Launch games on a new console are generally technical showcases, graphical powerhouses with very little beneath the surface once you scratch away at them. It’s perhaps fitting then that one of the first games of the PlayStation 5 era is Marvel’s Spider-Man: Miles Morales. Like the console, the newest Spider-Man is a new kid on the block who has a ton of legacy behind his name.
And just like the PlayStation 5, Miles is also a powerhouse in new threads, even if his moves do feel remarkably familiar. Where Insomniac’s webspin-off to its amazing 2018 game starring everyone’s favourite webhead really shines though, is in how it condenses so much joy, thrill-seeking adventure, and tragedy into a small package that can easily stand shoulder to shoulder with its big brother. The newest Spider-Man may still have a lot to learn, but as Insomniac wants to remind you he’s not just another Spider-Man.
He’s our Spider-Man.
Picking up not too long after the events of Marvel’s Spider-Man and its DLC campaign, Miles Morales is finally in the swing of things. It’s Xmas season in Manhattan, Peter Parker’s left his protégé the webbed-up keys to the city as he takes a well-deserved vacation, and Miles is swinging solo. Naturally all manner of hell breaks loose and it’s not too long before Miles finds himself in the middle of a war between a new criminal organisation known as the Underground and the jackbooted thugs of Roxxon Corporation who are wielding late-stage capitalism to deadly effect.
Fortunately this Spider-Man can do whatever a spider can and then some. Miles is as agile, strong, and fluent with web-shooters as your thumbs’ 2018 memory recalls, but he also ha a few added tricks up his spandex sleeves thanks to his bio-electrical powers and protective camouflage. This doesn’t just give Miles a completely different setup for taking down mobs of goons, but they’re also incredibly stylish blasts of power and personality.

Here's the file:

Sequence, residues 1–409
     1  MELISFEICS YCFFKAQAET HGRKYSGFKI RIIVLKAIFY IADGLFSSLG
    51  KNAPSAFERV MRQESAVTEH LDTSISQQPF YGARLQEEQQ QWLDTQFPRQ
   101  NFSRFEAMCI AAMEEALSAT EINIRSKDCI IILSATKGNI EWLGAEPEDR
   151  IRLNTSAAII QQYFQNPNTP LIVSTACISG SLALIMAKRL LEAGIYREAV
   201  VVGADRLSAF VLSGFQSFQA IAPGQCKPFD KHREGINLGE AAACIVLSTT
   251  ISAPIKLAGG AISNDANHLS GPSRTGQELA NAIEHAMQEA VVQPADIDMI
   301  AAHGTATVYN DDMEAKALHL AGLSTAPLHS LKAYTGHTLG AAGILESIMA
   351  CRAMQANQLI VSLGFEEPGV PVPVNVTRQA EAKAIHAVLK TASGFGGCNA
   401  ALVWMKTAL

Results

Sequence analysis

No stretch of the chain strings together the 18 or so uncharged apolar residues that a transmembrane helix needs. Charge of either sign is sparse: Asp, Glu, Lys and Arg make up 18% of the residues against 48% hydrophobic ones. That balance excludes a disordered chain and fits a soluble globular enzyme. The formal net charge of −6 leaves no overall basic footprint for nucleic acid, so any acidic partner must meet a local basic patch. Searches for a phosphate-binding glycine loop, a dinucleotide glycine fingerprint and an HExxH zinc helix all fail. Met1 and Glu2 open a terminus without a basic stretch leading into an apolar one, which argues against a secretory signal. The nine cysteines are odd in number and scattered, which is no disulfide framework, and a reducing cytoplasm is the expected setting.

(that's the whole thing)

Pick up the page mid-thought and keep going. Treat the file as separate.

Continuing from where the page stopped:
Got a thug whose guard is tighter than a duck’s butthole? Smash him with a Venom blast punch that sends him flying into a nearby wall. Got a problem with an Underground member who happens to be equipped with a programmable matter super-sword? Venom-dash into her and clean up the mess. Heck you can even store up a full three charges of your shocking abilities and unleash them in one almighty blast, zapping everyone around you.
The brilliance of this system is its cadence. Venom abilities are built up from successful attacks and dodges, with their addition flowing organically into Miles’ fighting style. They’re not just visually fantastic to make use of but they’re tactical advantages that can help you out of a tight spot when used correctly. Combined with a small pool of gadgets, Miles flows through combat like an amazing arachnid in a manner that feels familiar but is wholly unique to his character.
And that right there is where Spider-Man: Miles Morales truly succeeds.
What made the 2018 Spider-Man game such a standout hit wasn’t just that it felt sensational to play, it was incredibly engaging to watch as well. There was a story at its core, of triumph and tragedy. The sheer joy of being Spider-Man with the heavy burden of responsibility that the identity brings with it. Miles’ tale echoes that of Peter Parker, but the difference here is that his personal journey is defined by who he is: A really good dude.